Originally, we thought that there might not be enough expressions and synonyms to create an entire podcast on the words fat and thin. There’s fat chance of that, we thought!
However, other words for fat and thin are not thin on the ground. There are loads of them. In fact, ‘fat chance’ and ‘thin on the ground’ are just the thin end of the wedge!
Synonyms for fat
Overweight: It refers to having a body weight higher than what is considered healthy or normal for one’s height and build.
Example: “Craig has been trying another diet. He’s been overweight for years.
Obese: This term specifically denotes a high degree of excess body fat, often associated with various health risks.
Example: “Obese individuals are more prone to developing heart disease and diabetes.”
Plump: A more polite and less direct way to describe someone who is somewhat overweight.
Example: “The baby’s cheeks were so plump and adorable.”
Chubby: Similar to “plump,” it’s a gentle way to describe someone with a rounded and slightly overweight physique.
Example: “Even though she was chubby as a child, she grew up to be a confident and successful woman.”
Portly: It refers to being stout or rather round in shape, typically used to describe a person, especially an older gentleman.
Example: “The portly man entered the room with a warm smile on his face.”
Fatso: a derogatory/humorous slang term (best avoided with people unless you know them well)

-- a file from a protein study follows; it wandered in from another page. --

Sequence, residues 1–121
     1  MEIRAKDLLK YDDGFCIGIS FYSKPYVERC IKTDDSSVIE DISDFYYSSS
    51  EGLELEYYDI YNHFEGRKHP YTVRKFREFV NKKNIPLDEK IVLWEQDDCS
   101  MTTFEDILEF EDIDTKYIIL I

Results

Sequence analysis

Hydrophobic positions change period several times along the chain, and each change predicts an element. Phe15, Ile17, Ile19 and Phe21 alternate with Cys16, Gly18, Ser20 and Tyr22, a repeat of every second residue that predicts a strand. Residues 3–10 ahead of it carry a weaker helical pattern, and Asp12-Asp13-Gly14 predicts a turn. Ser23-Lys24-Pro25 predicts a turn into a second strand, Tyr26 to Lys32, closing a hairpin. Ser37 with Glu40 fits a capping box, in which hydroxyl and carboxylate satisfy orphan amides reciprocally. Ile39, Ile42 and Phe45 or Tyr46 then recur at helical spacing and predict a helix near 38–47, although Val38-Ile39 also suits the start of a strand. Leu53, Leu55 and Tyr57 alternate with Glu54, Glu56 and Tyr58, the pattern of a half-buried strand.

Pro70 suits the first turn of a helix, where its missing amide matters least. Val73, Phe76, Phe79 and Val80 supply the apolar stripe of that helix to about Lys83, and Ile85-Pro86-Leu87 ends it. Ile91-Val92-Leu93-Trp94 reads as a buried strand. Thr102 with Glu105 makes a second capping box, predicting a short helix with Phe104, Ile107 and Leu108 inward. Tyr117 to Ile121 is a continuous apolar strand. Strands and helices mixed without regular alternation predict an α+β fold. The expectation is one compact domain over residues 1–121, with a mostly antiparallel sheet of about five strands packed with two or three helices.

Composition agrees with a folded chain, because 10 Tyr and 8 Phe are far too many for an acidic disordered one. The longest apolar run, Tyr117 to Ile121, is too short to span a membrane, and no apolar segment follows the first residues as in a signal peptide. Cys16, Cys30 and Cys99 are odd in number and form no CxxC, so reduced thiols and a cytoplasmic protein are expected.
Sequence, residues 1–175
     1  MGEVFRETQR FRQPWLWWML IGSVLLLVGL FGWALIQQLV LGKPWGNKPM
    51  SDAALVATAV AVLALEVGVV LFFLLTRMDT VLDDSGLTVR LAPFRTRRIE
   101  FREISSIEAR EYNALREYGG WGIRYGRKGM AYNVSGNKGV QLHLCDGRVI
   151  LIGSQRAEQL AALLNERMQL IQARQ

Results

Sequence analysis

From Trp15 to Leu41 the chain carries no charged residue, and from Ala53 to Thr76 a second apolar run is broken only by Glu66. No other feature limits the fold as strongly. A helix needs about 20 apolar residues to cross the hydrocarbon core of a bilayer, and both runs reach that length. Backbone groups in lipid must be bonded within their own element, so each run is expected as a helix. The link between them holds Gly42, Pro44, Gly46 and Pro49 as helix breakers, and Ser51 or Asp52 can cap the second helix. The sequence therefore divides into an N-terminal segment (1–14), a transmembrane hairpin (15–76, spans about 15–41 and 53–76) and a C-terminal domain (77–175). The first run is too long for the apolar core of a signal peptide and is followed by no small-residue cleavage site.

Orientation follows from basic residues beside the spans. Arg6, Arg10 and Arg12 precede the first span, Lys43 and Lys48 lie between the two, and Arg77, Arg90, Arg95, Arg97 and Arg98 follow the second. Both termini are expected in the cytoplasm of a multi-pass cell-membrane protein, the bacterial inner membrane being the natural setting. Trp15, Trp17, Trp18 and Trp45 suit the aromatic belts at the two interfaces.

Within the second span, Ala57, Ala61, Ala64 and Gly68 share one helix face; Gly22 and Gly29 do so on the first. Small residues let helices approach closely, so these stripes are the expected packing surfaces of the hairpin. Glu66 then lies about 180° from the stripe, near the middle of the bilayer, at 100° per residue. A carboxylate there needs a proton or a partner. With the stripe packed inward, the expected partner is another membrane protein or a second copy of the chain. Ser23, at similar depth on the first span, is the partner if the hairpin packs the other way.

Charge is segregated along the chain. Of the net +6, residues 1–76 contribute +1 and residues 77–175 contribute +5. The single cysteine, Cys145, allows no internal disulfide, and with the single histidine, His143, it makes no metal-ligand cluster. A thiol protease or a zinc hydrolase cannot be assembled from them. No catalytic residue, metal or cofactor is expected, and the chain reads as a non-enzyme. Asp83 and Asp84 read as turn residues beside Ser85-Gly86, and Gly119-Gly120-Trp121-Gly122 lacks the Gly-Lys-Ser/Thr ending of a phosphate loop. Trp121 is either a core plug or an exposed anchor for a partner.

Example: “Hey, fatso,” she said to her husband, “did you eat all my chocolates?!”
Expressions for fat
Carrying extra weight: A euphemism for being overweight or obese.
Example: “He’s been carrying extra weight since he stopped playing sports regularly.”
On the heavier side: A gentle way to describe someone who is overweight.
Example: “She admitted that she was on the heavier side but was determined to adopt a healthier lifestyle.”
Well built: a way of describing someone who is large and perhaps fat.
Example: “Like most of the other shot-putters in the competition, he was a well-built man.”
Big-boned: larger than the average size.
He’s not fat, he’s just big-boned.
Synonyms for “Thin”
Slim: Refers to a person who has a slender and graceful appearance.
Example: “She had a slim figure that allowed her to wear all kinds of fashionable outfits.”
Slender: A nice way of describing someone who is extremely slim and delicate.
Example: “She’s got an attractive, slender figure and glided effortlessly across the dance floor.”
Lean: This signifies having a slim body with little body fat and well-defined muscles.
Example: “The athlete’s training regimen kept him lean and agile on the field.”
Slight (to have a slight figure): thin or slender in a delicate or subtle way. It implies a small and slight build rather than being heavily built.
Example: “The ballet dancer had a slight figure, allowing her to move gracefully on stage.”
Willowy: tall, slender, and graceful, with a certain elegance and flexibility, like the slender and swaying branches of a willow tree.
Example: “She was a willowy model who effortlessly glided down the runway.”
Skinny: A casual term for someone who is very thin, but it can sometimes carry negative connotations.
Example: “Even though she ate a lot, she remained skinny and couldn’t seem to gain weight.”